“I see the most professional development in my students in the clinic, where students provide actual representation to clients, and also in the ‘Trial Practice’ class, where they learn how to try a case to a jury,” he says. “This development also happens in classroom courses, too, where by the end of the semester, students are proficient in the subject studied.”

Equal justice

The driving force behind Joy’s broad experience, whether in clinical or private practice, is access to equal justice.

“I’ve had the great fortune to work on so many cases that I’ve really enjoyed,” he says. “It’s funny; in this era of specialization, I think I am probably one of the last lawyers who enjoys handling a diverse range of cases.”

Joy has worked on interesting adoptions, including the adoption of a 61-year-old woman, as well as political asylum cases, cases with battered women, foreclosures, consumer cases, first amendment cases and landlord/tenant issues.

Recently he has done pro bono work regarding academic freedom as it relates to law school clinical programs across the country.

Peter Joy and his partner, Rebecca Dresser, at Lake Michigan.

“The latest victory involved a law school environmental law clinic that came under attack from the logging industry to the point where the university was considering shutting down the clinic,” Joy says. “Fortunately, a combination of public opinion and the funders for the environmental law clinic basically said that the clinic work was important, and the university did not buckle under to the big-business interests.”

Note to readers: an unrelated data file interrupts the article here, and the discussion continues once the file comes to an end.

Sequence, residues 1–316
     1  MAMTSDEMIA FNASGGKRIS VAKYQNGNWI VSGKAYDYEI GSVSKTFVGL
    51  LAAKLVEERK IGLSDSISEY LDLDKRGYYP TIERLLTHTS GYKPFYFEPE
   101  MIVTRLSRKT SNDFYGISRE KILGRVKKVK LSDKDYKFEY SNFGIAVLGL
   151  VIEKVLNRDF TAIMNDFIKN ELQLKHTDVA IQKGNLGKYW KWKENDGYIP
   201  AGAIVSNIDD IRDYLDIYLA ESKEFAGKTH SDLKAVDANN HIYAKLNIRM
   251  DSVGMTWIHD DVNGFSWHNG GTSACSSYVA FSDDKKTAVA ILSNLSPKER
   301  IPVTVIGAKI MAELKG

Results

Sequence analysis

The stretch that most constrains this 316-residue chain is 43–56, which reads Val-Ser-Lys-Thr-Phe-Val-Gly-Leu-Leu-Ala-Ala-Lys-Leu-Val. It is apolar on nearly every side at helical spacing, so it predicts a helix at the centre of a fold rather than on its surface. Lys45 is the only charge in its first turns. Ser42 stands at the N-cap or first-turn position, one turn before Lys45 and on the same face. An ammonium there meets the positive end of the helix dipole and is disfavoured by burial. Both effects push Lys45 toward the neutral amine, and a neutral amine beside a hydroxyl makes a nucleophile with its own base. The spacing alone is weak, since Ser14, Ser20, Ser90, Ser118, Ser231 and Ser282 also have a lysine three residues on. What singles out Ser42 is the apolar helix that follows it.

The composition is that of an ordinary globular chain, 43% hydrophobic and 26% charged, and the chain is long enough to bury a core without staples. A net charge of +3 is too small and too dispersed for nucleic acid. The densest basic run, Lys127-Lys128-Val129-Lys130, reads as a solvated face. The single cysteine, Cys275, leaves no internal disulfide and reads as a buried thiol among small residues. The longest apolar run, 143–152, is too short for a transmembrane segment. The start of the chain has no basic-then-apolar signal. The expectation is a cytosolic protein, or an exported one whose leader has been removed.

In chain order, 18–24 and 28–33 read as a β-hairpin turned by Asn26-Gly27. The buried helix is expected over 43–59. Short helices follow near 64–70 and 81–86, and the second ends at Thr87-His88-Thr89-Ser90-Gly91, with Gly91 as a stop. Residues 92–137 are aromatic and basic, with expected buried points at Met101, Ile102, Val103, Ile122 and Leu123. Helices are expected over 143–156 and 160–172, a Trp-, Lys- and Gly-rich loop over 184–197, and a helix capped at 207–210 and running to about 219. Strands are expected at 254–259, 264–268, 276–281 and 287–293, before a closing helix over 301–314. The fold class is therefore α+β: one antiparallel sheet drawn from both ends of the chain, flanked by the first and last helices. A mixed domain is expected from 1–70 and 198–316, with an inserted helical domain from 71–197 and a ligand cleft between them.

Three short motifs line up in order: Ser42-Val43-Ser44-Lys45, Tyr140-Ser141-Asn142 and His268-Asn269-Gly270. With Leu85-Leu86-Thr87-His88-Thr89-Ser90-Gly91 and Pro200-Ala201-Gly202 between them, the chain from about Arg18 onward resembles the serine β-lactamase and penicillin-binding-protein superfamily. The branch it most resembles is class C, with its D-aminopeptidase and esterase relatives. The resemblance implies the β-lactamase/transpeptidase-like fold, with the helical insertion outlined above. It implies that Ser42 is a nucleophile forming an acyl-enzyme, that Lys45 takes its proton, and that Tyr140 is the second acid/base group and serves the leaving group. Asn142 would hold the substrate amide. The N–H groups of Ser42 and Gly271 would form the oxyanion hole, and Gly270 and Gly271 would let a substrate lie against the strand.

Joy notes that the Washington University clinical law program has a real access-to-justice focus.

“Every one of the clinics provides legal representation to persons unable to afford to hire lawyers, and scores of clients each year are helped on a variety of issues,” he says. “Without the clinical students and faculty handling their cases, many clients would find the courthouse doors closed to them.”

Joy also appreciates the interdisciplinary efforts of the law school on both the clinical and nonclinical fronts.

“It’s wonderful that we have such close contact with other schools on the Danforth Campus,” he says. “It’s not unusual to see collaborative work being done with faculty members from outside schools and departments like engineering, social work and political science.”

Outside the University and the courtroom, Joy enjoys reading, hiking and traveling.

“I switch off between reading what at least a lot of people would say is real literature and then mystery books, but I think good mystery books qualify as real literature as well,” he says.

“I really like and was delighted to find the Detective Chen series of books by St. Louis-based crime novelist Qiu Xiaolong, a University alum,” he says. “The last book of his that I read is called ‘A Case of Two Cities.’ It’s set in Shanghai and in St. Louis, and Detective Chen is an Eliot scholar, so there is an interesting connection to the University.”

Joy’s planning and preparation has landed him in an ideal position.

“Of course, I’ve now been relying on someone else for a paycheck for the majority of the time that I’ve been a lawyer,” he laughs. “But I’ve been able to work with an exciting group of colleagues and students while helping others.”